Nelson Mandela: A life in pictures
Nelson Mandela and his wife Winnie in this undated file picture.
Politico and Mediaite are aghast that I called Rush Limbaugh a “racist troll” on “Politics Nation” with Al Sharpton on MSNBC Monday night. The immediate cause of my diagnosis was Limbaugh terming President Obama’s pitch for military intervention in Syria “Operation Shuck and Jive.” Or as Limbaugh said: “Bush had ‘Shock and Awe.’ We’re looking at ‘Shuck and Jive’ here. That’s what I’m going to name this. The Obama operation in Syria — ‘Operation: Shuck and Jive’ — because that’s what this is.”
Politico’s Dylan Byers was quick to point out that during the 2008 campaign, Hillary Clinton supporter Andrew Cuomo said Obama “can’t shuck and jive at a press conference. All those moves you can make with the press don’t work when you’re in someone’s living room.” Cuomo, it should be noted, was widely hammered for his strange turn of phrase — “shuck and jive” is an old slur associated with lying or deceptive behavior by black people – but I would also note that I didn’t call Limbaugh racist simply because he used the term “shuck and jive:” it’s his long history of depicting African-Americans in crude stereotypes, most having to do with violence, savagery and stupidity. The point of both pieces seemed to be that I had gone beyond the pale in calling Limbaugh racist. I was a little shocked, because I didn’t think anyone would notice what I said, since I was just stating the truth.
Limbaugh is not just racist but proud of his racism. He’s made a career out of stereotyping African-Americans as violent savages and criminals. As early as the ’70s he told a black caller to his radio show: “Take that bone out of your nose and call me back.” In the ’90s, he mused: “Have you ever noticed how all composite pictures of wanted criminals resemble Jesse Jackson?” In 2004 he suggested that the NBA be renamed “the TBA, the Thug Basketball Association, and stop calling them teams. Call ‘em gangs. “ Just three years later he complained that the NFL “all too often looks like a game between the Bloods and the Crips without any weapons.”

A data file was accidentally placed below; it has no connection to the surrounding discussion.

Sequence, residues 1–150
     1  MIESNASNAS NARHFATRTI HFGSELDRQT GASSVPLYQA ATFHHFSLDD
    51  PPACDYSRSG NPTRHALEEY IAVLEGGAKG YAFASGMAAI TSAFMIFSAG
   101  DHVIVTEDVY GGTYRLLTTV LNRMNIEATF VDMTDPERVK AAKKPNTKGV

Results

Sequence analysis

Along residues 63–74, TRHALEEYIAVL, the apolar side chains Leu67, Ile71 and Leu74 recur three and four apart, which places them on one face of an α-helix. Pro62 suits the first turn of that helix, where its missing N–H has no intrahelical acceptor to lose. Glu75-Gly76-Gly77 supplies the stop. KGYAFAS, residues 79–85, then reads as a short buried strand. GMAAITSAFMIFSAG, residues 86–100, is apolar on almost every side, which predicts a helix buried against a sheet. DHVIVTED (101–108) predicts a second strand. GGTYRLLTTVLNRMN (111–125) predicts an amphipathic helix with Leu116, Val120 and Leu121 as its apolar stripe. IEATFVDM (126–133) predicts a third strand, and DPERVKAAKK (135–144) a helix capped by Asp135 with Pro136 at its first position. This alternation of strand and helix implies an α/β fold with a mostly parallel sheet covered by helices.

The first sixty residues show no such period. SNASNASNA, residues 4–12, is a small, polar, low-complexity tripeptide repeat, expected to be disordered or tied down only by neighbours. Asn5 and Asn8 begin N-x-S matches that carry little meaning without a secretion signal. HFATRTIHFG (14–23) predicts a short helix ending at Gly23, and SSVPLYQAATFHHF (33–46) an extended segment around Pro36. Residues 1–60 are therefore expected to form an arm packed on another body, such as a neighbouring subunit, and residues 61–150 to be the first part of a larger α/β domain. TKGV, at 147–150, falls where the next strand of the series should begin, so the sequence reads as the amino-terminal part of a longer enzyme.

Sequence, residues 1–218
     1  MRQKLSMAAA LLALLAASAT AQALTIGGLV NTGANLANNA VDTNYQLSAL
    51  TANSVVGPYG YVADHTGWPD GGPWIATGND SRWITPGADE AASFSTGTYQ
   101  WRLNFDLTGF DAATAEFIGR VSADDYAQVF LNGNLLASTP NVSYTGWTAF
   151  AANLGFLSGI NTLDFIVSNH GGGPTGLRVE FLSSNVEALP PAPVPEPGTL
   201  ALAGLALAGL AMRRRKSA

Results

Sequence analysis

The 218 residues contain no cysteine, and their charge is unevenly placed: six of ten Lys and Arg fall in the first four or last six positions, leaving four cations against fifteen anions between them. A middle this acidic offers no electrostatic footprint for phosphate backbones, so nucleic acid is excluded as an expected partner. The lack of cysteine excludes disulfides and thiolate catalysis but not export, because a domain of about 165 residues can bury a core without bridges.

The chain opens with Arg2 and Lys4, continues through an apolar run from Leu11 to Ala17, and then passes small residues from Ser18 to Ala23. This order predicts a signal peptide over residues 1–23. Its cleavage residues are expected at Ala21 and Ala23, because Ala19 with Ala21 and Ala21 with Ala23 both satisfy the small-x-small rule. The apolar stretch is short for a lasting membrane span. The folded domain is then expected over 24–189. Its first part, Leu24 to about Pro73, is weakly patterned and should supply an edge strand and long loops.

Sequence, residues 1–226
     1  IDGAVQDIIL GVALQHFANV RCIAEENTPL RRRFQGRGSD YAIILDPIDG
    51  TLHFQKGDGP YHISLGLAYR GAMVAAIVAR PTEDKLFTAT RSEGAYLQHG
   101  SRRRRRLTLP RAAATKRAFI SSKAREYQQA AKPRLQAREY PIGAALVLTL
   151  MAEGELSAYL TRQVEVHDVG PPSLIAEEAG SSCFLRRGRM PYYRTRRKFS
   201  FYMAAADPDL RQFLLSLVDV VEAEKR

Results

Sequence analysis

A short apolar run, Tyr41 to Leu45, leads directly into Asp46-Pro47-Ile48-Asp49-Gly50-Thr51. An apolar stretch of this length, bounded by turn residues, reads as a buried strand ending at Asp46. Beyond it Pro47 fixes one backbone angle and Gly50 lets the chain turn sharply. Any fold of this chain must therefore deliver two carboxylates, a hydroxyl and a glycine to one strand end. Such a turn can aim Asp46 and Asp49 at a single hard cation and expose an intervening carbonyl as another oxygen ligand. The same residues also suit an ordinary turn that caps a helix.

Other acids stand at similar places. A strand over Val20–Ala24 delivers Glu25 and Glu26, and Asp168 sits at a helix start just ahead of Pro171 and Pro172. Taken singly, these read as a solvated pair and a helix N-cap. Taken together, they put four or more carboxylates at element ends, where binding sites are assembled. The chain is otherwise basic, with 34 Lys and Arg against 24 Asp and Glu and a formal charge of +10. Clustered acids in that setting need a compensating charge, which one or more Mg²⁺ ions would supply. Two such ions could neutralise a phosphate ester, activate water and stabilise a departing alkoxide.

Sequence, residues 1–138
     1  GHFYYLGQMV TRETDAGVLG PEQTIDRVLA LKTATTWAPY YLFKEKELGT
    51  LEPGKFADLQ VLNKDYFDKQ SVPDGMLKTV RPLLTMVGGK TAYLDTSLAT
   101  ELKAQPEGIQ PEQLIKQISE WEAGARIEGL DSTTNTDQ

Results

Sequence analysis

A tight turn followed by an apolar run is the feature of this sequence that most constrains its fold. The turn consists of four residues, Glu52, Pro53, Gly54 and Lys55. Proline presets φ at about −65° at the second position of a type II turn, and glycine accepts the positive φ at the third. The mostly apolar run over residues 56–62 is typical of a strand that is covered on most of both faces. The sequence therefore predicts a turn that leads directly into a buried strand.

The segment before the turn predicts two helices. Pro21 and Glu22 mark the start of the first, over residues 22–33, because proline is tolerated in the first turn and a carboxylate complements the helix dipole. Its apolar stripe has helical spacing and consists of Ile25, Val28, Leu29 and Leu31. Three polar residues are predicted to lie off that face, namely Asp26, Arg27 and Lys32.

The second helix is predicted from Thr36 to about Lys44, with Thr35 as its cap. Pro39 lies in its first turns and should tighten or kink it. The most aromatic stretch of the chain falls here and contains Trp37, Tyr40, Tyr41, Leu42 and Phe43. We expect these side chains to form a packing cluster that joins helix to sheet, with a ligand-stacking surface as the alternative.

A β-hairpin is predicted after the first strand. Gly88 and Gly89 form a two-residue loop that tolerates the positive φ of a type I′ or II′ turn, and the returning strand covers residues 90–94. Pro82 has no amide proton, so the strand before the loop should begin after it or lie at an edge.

Most famously, in the realm of sports, he slammed Philadelphia Eagles quarterback Donovan McNabb as a mediocre affirmative action beneficiary on ESPN in 2003 and later resigned over the controversy. “Sorry to say this, I don’t think he’s been that good from the get-go,” Limbaugh said. “I think what we’ve had here is a little social concern in the NFL. The media has been very desirous that a black quarterback do well. There is a little hope invested in McNabb, and he got a lot of credit for the performance of this team that he didn’t deserve.”
Since the election of President Obama, though, Limbaugh has gone into a full-fledged racial panic, starting with his blurting out on inauguration eve: “We are being told that we have to hope [Obama] succeeds, that we have to bend over, grab the ankles, bend over forward, backward, whichever, because his father was black, because this is the first black president.” Limbaugh is apparently obsessed with grabbing his ankles and specifically with “anal poisoning” – Salon counted roughly 20 references by 2009 – and many involved black perpetrators.
As Salon’s Gabriel Winant wrote at the time, Limbaugh lamented that President Obama would likely get away with destroying the economy, because “he’s being followed around by a bunch of sycophants who are going to die of anal poisoning.” Winant laid out other racially tinged anal poisoning jokes:
Anal poisoning “jokes” aside, racial grievance has become a staple of Limbaugh’s show since Obama’s political fortunes began to rise. In 2008 he insisted the first term Illinois senator who “has trouble articulating” was only in the running because he was black. “When he goes off the teleprompter, he is a different guy. He does not come off as the messiah, he doesn’t come off as this great unifier. He has trouble articulating with a bunch of stutters and pauses and so forth. So — but my point in telling you this is that there must be real animosity toward the Clintons at high levels of this party. To go with a veritable rookie whose only chance of winning is that he’s black.”
After the election, in June 2009, he warned, “The days of them [minorities] not having any power are over, and they are angry. And they want to use their power as a means of retribution.” Like Matt Drudge, he obsesses over reports of black criminals with white victims, blaming it on Obama. “Obama’s America, white kids getting beat up on school buses now,” he whined in September 2009. “I mean, you put your kids on a school bus, you expect safety. But in Obama’s America, the white kids now get beat up with the black kids cheering, “Yay! Right on, right on, right on, right on.” He routinely terms Obama’s policies “reparations,” complaining in 2009, “Obama’s entire economic program is reparations. Everything in the stimulus plan, every plan he’s got is reparations.”